BORN 2 Oct 1851, Tarbes, Hautes-Pyrénées - DIED 20 Mar 1929, Paris: Hôtel de Noirmoutiers|
GRAVE LOCATION Paris: Dôme des Invalides
Son of a civil servant from Provence. In 1870 he enrolled in
the army during the Franco-Prussian war. He stayed in the army
and became a lieutenant in 1873. In 1885 he entered the École
Supérieure de la Guerre, where he returned as an instructor
in 1895. He was among the first to re-evaluate the French defeat
In 1901 he lost his position for political reasons and joined a regiment. He became a colonel in 1903 and a Général de Brigade in 1907. He returned to the École Supérieure de la Guerre as it's head (1908-1911). In 1911 he became Général de Division and in 1913 Lieutenant Genreal.
When the First World War broke out he commended the 20th Corps. After heavy fighting he was put in command of the new 9th Army. He commanded it during the Battle of the Marne. When the French arm was in retreat he managed to stop the Germany advance after a counter attack and the allies were able to stabilize their position. After more success he became joint commander in chief with Joffre. After the Battle of the Somme he was removed from command by Joffre. But Joffre was soon removed himself and Foch was recalled by Pétain.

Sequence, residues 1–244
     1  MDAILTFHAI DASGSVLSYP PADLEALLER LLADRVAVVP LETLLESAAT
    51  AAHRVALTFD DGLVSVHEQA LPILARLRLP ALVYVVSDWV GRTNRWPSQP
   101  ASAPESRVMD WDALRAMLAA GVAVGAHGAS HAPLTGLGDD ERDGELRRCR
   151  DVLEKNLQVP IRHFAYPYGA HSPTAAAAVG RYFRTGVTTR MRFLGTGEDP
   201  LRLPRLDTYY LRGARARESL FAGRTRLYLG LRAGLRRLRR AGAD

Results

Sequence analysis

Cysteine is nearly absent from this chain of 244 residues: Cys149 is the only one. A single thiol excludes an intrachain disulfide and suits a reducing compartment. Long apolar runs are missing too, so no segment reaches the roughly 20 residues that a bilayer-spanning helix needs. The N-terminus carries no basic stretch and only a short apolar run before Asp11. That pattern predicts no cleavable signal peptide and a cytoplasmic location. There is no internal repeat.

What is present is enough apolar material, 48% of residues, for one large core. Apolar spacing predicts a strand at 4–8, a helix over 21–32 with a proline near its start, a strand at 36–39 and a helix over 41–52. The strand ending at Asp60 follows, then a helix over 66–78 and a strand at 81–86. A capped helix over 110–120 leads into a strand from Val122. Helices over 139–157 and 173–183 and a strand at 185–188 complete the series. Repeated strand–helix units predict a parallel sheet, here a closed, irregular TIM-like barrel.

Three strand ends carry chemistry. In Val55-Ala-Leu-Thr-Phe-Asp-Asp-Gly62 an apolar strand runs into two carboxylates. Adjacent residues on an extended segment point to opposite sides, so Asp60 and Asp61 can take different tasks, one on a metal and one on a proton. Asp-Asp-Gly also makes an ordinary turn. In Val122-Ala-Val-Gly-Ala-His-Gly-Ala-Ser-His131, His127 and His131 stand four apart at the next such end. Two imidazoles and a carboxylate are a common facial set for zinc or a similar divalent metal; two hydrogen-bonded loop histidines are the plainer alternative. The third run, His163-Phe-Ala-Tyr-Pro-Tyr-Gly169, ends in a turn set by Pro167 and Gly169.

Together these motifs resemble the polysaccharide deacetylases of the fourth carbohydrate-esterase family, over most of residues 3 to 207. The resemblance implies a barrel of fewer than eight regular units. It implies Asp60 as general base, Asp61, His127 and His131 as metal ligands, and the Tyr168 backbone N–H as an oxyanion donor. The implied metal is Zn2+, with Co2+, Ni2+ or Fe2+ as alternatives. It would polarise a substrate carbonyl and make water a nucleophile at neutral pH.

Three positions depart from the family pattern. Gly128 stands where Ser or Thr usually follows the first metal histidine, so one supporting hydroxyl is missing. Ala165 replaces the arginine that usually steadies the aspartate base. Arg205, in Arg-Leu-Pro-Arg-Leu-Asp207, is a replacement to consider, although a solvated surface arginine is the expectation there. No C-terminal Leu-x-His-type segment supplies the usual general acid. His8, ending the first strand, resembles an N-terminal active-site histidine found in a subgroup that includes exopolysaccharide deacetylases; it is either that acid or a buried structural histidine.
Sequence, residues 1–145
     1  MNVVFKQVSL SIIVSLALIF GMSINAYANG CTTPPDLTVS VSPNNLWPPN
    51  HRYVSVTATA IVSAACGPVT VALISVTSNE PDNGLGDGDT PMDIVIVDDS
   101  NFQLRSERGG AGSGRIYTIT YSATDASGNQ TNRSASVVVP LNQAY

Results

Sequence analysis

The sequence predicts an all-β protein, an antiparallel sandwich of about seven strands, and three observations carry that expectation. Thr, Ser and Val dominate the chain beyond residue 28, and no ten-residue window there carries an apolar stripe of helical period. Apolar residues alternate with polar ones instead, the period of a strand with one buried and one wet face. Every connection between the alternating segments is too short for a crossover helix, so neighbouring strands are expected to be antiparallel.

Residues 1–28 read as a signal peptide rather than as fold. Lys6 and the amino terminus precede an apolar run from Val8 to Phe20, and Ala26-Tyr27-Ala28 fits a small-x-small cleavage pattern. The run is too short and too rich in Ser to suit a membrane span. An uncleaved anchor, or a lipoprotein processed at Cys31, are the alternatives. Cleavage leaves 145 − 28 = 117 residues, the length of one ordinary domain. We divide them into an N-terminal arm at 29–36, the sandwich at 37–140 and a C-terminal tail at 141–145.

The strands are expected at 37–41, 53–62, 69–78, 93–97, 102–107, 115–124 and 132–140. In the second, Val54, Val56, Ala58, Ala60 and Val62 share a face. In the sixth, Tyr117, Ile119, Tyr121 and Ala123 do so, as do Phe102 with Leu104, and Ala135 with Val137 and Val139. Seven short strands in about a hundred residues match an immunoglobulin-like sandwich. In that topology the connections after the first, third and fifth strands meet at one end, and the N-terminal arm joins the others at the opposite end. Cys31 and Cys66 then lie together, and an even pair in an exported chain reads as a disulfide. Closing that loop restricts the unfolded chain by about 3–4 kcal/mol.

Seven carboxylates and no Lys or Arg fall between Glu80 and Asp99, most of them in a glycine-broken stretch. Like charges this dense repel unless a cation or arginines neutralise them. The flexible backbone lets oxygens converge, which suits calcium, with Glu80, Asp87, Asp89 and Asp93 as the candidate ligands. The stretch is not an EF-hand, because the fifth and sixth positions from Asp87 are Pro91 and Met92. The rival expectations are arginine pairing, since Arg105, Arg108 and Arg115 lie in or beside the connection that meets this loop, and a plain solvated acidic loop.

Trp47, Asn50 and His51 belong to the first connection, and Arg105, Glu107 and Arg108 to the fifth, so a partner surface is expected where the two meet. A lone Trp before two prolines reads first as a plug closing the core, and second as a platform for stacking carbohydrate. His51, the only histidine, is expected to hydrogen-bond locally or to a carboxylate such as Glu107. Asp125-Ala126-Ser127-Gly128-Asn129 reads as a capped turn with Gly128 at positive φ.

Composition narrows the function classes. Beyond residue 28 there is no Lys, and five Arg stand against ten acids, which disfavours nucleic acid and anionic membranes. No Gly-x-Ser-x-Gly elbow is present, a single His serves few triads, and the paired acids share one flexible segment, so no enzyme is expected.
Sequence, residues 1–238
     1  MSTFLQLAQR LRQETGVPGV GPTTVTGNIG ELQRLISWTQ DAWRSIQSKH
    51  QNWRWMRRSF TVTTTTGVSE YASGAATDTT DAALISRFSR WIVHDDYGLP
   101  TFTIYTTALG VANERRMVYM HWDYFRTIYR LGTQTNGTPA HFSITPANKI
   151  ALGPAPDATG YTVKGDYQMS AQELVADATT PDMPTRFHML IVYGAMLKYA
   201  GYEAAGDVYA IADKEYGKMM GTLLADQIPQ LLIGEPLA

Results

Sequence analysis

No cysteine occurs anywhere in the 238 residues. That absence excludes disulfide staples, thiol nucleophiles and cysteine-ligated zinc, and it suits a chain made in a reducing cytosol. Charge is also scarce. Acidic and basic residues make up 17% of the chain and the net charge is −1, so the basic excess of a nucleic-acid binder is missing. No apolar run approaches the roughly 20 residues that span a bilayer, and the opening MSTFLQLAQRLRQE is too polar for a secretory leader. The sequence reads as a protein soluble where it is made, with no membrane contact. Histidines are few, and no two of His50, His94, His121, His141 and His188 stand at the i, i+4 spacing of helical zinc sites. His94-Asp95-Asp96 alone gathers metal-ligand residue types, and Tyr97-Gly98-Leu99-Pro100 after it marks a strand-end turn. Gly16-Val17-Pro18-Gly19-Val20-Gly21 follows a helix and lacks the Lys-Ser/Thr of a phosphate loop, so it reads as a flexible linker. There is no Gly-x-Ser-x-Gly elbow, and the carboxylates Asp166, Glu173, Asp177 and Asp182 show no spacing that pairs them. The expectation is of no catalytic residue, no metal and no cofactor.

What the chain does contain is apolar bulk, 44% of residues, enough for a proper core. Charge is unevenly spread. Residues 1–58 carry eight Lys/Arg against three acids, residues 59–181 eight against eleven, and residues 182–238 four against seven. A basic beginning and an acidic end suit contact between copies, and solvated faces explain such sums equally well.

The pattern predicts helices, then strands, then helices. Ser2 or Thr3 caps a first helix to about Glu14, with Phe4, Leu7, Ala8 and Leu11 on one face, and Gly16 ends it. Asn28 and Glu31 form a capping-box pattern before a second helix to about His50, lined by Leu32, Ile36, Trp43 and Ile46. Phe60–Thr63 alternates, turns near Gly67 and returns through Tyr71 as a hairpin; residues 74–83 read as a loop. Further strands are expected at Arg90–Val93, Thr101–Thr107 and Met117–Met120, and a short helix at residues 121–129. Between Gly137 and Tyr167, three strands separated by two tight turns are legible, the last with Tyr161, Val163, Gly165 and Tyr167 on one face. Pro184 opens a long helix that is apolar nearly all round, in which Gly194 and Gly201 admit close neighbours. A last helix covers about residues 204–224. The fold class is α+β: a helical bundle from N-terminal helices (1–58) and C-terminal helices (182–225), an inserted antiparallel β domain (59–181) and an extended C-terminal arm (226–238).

When Germany started a final attempt to begin the war in the spring of 1918 Foch became supreme commander of the allied troops. On August 6th, 1918 he was made Marshal of France. On November 11th, 1918 the Germans surrendered.
Within weeks he was elected into the Académie des Sciences as well as the Académie française. He was in favour of weakening Germany forever, but England and the USA didn't want to take the Rhineland away from Germany. Foch thought the treaty didn't remove the German danger and called it 'an armistice for 20 years', predicting another war with Germany.
In 1923 was awarded the title of Marshal of Poland. He died in 1929 and was buried not far from Napoleon in the Dôme des Invalides in Paris.
Oosthoek Encyclopedie, 1948
Ferdinand Foch - Wikipedia